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Use of atypical antipsychotics by consultant psychiatrists working in forensic settings

  • Carol Paton, Jose A. Garcia and Deborah Brooke (a1)
Extract
AIMS AND METHOD

Atypical antipsychotics have less neurological side-effects than the older drugs but are only available as oral preparations. This may limit their use in forensic patients. We sent a postal questionnaire to all consultant psychiatrists working in forensic settings in the UK to determine their views.

RESULTS

The response rate was 60%. Respondents tended to overestimate the benefits and underestimate the side-effects of the atypical antipsychotics. The majority often prescribed atypical antipsychotics and depots together. Psychoeducation and serum level monitoring were used to optimise/monitor compliance by 50%.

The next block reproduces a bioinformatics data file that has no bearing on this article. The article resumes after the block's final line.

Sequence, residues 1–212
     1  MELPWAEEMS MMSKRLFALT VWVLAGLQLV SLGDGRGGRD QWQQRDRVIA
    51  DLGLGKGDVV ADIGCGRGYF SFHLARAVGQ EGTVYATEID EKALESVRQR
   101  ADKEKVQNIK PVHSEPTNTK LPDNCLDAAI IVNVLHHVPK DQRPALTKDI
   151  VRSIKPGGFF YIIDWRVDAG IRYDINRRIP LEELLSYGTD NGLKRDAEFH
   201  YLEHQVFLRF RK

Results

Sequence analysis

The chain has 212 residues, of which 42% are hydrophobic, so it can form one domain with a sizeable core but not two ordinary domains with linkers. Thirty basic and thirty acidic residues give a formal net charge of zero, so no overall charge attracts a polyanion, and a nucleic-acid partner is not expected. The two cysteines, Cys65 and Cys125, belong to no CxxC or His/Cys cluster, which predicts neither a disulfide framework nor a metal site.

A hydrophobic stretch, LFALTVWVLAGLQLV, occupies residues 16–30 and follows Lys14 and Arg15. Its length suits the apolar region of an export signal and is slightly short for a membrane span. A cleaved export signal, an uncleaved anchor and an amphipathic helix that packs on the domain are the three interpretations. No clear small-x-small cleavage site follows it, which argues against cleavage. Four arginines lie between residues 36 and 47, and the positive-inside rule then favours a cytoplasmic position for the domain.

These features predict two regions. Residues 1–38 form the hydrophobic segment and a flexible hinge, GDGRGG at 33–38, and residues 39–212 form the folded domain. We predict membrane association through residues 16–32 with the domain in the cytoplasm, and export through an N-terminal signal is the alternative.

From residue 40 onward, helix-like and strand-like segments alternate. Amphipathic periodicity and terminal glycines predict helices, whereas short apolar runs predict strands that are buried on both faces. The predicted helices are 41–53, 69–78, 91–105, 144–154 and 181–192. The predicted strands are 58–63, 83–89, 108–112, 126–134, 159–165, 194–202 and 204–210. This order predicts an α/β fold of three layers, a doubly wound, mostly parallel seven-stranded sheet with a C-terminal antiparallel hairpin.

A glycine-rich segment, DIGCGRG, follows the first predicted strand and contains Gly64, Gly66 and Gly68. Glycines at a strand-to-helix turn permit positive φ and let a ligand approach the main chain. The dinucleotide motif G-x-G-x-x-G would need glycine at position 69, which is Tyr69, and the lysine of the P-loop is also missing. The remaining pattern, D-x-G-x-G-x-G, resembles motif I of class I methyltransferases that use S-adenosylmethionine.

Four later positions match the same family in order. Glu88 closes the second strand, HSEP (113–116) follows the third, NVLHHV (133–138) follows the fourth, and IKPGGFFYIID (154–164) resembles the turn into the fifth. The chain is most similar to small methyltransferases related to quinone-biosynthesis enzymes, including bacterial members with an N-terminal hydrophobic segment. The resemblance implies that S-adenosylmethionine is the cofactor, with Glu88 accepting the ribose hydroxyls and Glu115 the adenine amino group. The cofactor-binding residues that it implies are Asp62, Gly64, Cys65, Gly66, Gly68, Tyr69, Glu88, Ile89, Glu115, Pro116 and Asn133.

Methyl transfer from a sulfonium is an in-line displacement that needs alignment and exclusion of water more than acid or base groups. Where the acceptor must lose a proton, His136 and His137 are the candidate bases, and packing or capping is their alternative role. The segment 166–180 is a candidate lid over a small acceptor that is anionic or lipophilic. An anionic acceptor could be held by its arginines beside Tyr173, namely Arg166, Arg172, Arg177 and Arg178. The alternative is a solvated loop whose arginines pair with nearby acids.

CLINICAL IMPLICATIONS

Using atypical antipsychotics as monotherapy is problematic in forensic settings. The extent of polypharmacy means that patients may experience the side-effects of both typical and atypical antipsychotics. More could be done to facilitate and monitor compliance.

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Copyright
This is an Open Access article, distributed under the terms of the Creative Commons Attribution (CC-BY) license (http://creativecommons.org/licenses/by/4.0/), which permits unrestricted re-use, distribution, and reproduction in any medium, provided the original work is properly cited.
References
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BJPsych Bulletin
  • ISSN: 0955-6036
  • EISSN: 1472-1473
  • URL: /core/journals/bjpsych-bulletin
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Use of atypical antipsychotics by consultant psychiatrists working in forensic settings

  • Carol Paton, Jose A. Garcia and Deborah Brooke (a1)
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